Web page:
Australia's new Federal Indigenous Affairs Minister Linda Burney has named the Uluru Statement from the Heart and closing the gap as her two top priorities.
Ms Burney, a Wiradjuri woman representing Barton, New South Wales, in the House of Representatives, will be sworn in as the first Indigenous female to hold the portfolio next week.
"Obviously the top priority is the Uluru Statement from the Heart but it needs to be equally seen with the Close The Gap targets and implementing the commitments we made prior to the election in full," she said.
"A number of those are in other people's portfolios like health, education, foreign affairs, attorney general, so it will involve working closely with those ministers in terms of implementation across the board."
Ms Burney said there were many pressing "day to day" matters to address, including this week's controversy around the secret burial of Mungo Man and Mungo Lady.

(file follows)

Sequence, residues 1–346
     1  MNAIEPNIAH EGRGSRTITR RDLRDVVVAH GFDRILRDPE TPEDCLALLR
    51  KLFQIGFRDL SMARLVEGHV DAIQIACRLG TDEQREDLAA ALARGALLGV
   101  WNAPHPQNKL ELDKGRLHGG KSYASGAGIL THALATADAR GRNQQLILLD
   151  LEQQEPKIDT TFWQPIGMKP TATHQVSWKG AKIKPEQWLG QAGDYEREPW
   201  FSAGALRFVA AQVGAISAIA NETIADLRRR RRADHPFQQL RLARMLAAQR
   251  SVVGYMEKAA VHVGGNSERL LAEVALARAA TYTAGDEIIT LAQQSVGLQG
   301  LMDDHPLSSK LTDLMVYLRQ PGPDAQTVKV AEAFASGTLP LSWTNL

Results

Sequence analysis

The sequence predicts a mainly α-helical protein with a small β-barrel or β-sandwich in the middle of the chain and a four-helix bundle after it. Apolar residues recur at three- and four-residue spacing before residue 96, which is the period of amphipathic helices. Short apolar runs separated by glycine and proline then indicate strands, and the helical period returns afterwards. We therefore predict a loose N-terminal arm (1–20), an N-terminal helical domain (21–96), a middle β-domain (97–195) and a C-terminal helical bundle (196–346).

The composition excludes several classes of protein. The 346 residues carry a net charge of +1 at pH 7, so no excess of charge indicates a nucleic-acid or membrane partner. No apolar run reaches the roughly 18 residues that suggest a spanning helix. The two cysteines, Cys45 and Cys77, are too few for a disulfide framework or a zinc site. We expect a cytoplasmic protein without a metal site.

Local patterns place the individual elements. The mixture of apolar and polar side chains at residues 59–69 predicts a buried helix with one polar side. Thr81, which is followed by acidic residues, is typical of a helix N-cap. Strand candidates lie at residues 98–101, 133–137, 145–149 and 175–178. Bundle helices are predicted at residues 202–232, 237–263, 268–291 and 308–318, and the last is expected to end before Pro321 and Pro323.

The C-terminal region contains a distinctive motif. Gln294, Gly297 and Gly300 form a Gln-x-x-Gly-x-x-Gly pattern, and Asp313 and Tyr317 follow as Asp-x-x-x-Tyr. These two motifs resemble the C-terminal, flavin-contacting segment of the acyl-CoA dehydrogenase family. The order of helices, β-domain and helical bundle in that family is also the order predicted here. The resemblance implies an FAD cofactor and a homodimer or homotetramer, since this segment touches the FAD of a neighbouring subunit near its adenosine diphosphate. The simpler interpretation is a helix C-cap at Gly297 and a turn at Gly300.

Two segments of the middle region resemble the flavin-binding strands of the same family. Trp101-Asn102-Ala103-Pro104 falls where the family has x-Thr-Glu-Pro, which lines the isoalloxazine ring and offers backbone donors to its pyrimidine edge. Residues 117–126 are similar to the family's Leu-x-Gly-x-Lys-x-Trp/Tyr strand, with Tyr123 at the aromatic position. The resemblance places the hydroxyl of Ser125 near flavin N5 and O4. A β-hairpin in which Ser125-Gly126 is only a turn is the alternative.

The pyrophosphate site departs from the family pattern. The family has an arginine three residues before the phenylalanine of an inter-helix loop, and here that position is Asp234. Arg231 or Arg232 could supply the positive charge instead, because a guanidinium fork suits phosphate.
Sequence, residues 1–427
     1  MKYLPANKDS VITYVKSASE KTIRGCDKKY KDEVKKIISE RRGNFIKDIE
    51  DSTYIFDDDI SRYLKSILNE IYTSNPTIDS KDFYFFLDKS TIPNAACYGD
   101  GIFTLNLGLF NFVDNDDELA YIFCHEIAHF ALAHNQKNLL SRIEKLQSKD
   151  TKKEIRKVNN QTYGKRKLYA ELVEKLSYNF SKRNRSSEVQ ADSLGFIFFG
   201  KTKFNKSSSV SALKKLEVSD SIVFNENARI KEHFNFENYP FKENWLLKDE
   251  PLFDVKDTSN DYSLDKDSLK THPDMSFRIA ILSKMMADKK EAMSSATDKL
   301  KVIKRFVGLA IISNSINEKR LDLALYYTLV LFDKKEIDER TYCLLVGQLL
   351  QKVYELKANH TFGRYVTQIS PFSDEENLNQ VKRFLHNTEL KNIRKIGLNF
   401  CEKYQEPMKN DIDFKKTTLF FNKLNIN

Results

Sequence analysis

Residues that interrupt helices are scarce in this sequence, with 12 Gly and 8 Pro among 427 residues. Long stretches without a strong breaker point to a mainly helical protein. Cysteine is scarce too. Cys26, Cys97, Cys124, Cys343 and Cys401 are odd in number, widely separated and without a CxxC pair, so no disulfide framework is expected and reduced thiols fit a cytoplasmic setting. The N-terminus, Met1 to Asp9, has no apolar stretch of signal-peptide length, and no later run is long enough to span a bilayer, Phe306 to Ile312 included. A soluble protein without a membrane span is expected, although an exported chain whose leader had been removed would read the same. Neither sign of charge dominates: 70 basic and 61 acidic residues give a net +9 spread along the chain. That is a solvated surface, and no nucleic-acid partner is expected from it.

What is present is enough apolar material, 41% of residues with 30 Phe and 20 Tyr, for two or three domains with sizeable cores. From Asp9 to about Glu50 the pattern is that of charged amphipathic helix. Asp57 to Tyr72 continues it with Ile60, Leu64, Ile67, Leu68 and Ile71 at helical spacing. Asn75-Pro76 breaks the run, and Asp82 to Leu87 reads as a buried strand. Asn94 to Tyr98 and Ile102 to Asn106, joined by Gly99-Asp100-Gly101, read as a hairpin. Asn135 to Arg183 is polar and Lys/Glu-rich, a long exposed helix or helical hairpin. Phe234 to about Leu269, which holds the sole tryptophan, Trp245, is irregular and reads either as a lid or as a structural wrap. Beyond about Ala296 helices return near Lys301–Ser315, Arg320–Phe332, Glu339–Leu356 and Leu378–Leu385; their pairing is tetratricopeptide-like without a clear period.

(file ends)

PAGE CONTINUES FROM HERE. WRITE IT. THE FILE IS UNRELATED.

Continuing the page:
She said an investigation would also be conducted into the Aboriginal Community Benefit Fund (Youpla).
"Stephen Jones (Minister of Financial Services) will have responsibility for that," Ms Burney said.
"We don't know all of our options yet but we know it is very problematic, it is despicable what's happened.
"I am not sure what the options are but we need the full inquiry to fully understand the history of this mob."
On heritage reform Ms Burney said she would work with the First Nations Heritage Protection Alliance and the environment portfolio to probe implementing standalone Aboriginal heritage protection which outlines minimum standards for states and territories.
"This is not something you would unilaterally do, you would talk to all the parties who would be impacted, including the states and territories but its' something very strongly understood by the Labor Party and the experience of Juukan Gorge is at the forefront of our minds," she said.
Native title reform is also on the cards, with Ms Burney keen to look to WA Senator Patrick Dodson for advice on the issue.